A poem-a-day for National Poetry Month

Posts tagged “Literature

Prompt #10: Mad Libs

Today’s prompt comes from poet Sage Cohen.

Make a Mad Lib

Following are two poems that employ imagery and music in ways that are not confined to telling a clear, linear narrative. Notice how these poets use language. What does the skin of an orange have to do with being unmarried? How does scenery sharpen like a pencil? After fully breathing in the experience of each poem, fill in the blanks to create your own Mad Libs version. (You can do one or both; or riff on this in some other way that speaks to you.)

Feel free to be experimental with language, and to use words that feel right but don’t necessarily make “sense.” The trick is to find a way to get loose, without thinking too much as you write.

This is one of my very favorite exercises, as it has yielded some of the wildest and most interesting results…Have fun!

Jacksonville, Vermont

By Jason Shinder

 

Because I am not married, I have the skin of an orange

 

that has spent its life in the dark. Inside the orange

I am blind. I cannot tell when a hand reaches in

 

and breaks the atoms of the blood. Sometimes

 

a blackbird will bring the wind into my hair.

Or the yellow clouds falling on the cold floor are animals

 

beginning to fight each other out of their drifting misery.

 

All the women I have known have been ruined by fog

and the deer crossing the field at night.

 

*****

 

_________, __________ [City, State]

 

Because I am not ____________, I have the skin of an _________

 

that has spent its life _______ _______ _______. Inside the ________

I am ________. I cannot tell when a __________ reaches in

 

and ___________ the atoms of the ___________. Sometimes

 

a __________ will bring the _________ into my _________.

Or the yellow _____________ falling on the __________ floor are __________

 

beginning to _________ each other out of their drifting ____________.

 

All the ____________ I have known have been ____________ by fog

and the _____________ crossing the ____________ at night.

 

*****

 

From Inside Great Distances

By Walid Bitar

From inside great distances (don’t call them dreams)

midnight is smaller than usual,

as are the ponies. Inside great distances,

unlike airplanes, are not seats

and the people far away enough

to shout to (at least the talk isn’t small)

have no laps or throats when they sit beside

their donkeys and don Quixotes, pretending

to be mirages in a cold climate. The scenery

sharpens like a pencil in my ear.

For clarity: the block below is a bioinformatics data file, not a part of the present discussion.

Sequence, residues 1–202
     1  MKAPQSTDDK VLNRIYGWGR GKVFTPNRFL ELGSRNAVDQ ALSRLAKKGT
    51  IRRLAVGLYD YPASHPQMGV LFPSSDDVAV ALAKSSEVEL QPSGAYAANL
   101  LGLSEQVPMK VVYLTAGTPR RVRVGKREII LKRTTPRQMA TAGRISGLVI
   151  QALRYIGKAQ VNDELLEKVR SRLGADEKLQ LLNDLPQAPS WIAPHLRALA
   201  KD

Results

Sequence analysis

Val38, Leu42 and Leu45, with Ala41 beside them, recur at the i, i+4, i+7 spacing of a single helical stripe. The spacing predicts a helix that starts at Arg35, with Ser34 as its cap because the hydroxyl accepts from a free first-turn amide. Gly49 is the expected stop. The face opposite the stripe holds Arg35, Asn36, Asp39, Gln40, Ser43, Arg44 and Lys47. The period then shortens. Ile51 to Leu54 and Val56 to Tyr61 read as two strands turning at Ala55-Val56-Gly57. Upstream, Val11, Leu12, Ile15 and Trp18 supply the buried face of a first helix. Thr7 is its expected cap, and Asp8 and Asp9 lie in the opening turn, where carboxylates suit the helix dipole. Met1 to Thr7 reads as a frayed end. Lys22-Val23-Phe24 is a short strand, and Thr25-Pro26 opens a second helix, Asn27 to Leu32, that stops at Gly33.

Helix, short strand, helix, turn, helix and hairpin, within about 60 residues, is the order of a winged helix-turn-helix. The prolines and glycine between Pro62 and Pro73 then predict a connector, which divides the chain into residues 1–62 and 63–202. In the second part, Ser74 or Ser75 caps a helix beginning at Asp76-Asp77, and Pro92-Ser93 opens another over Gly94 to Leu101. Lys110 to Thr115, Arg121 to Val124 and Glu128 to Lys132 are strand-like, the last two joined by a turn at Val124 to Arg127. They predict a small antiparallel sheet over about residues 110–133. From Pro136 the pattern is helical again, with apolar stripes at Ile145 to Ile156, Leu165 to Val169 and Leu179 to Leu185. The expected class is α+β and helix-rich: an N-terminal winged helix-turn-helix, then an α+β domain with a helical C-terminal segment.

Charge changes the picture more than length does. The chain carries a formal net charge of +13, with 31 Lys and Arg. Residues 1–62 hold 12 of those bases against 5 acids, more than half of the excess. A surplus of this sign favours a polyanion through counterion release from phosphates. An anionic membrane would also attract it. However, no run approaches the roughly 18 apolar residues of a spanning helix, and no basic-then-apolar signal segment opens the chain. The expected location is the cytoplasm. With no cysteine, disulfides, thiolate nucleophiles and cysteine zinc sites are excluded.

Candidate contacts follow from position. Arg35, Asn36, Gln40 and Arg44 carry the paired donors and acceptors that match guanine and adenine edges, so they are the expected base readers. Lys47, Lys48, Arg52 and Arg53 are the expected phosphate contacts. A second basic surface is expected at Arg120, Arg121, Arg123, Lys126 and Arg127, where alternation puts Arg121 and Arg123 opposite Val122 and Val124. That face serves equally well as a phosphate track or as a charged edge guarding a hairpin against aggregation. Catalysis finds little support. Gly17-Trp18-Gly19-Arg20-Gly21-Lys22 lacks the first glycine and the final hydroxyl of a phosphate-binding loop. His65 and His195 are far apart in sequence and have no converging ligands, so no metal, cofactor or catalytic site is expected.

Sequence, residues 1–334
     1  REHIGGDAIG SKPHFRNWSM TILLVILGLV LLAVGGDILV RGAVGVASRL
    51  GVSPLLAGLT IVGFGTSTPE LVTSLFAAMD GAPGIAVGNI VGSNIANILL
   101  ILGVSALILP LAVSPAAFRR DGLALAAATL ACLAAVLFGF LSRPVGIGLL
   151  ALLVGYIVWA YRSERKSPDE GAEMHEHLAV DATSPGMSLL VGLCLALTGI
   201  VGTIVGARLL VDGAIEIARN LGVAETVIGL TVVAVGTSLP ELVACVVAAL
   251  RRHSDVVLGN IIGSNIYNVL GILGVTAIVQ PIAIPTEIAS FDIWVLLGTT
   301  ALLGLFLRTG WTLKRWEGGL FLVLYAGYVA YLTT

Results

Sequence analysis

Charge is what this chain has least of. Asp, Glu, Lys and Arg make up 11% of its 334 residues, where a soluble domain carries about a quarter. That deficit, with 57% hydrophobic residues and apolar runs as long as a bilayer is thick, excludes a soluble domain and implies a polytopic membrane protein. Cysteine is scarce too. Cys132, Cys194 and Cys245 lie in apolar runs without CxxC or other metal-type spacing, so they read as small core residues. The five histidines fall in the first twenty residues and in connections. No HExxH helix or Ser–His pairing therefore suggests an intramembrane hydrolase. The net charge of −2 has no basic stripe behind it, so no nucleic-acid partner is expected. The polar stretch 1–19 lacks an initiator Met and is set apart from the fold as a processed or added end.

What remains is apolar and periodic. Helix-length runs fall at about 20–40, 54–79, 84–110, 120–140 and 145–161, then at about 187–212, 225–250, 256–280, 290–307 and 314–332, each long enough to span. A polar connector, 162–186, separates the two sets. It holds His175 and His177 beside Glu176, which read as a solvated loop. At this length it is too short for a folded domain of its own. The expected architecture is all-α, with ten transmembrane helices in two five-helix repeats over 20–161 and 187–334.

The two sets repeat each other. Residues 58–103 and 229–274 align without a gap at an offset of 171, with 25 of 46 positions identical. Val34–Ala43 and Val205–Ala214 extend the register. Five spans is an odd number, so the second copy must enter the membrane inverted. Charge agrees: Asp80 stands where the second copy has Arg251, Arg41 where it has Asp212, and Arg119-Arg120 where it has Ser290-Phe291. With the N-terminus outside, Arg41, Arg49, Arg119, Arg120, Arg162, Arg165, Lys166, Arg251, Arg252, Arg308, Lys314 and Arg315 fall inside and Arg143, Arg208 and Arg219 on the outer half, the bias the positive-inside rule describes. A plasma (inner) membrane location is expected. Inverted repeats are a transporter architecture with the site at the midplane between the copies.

It sketches itself, and I hear of this

a bird you can color with the whites

and marbles of villas back home, bird otherwise

invisible as the price of land.

An hour, too, is invisible; why are

you feeding it at your breast, growing

it into days, months, years?

Leave it alone; visit me a little to

the North; people shave their heads

into mirrors here; I

remain (on the outside) myself.

 

*****

From Inside Great _______________

From inside great ______________ (don’t call them _____________)

________________ is smaller than usual,

as are the ______________. Inside great ______________,

unlike ______________, are not ______________

and the people ______________enough

to ______________ to (at least the ______________ isn’t small)

have no ______________ or ______________ when they sit beside

their ______________ and don ______________, pretending

to be ______________ in a cold climate. The scenery

sharpens like a ______________ in my ear.

It ______________ itself, and I hear of this

a ______________you can color with the whites

and marbles of ______________ back home, ______________ otherwise

invisible as the price of ______________.

An ______________, too, is invisible; why are

you feeding it at your ______________, growing

it into ______________?

Leave it alone; ______________ me a little to

the ______________; people shave their heads

into ______________ here; I

remain (on the outside) ______________.

* * * * *

 

***

Reminders for Participants: You can post your poem below in the comments, offer a link back to your site where the poem is posted, or comment about the experience of writing the poem (without actually posting the poem). If you’re going to comment on other participant’s poems, please remember that this is not a critique space — comments should be kept thoughtful and supportive. Lastly, remember you don’t have to use the prompt to write your poem — they’re here for your inspiration but they’re certainly not a requirement.

Let the Wild Poeming Being!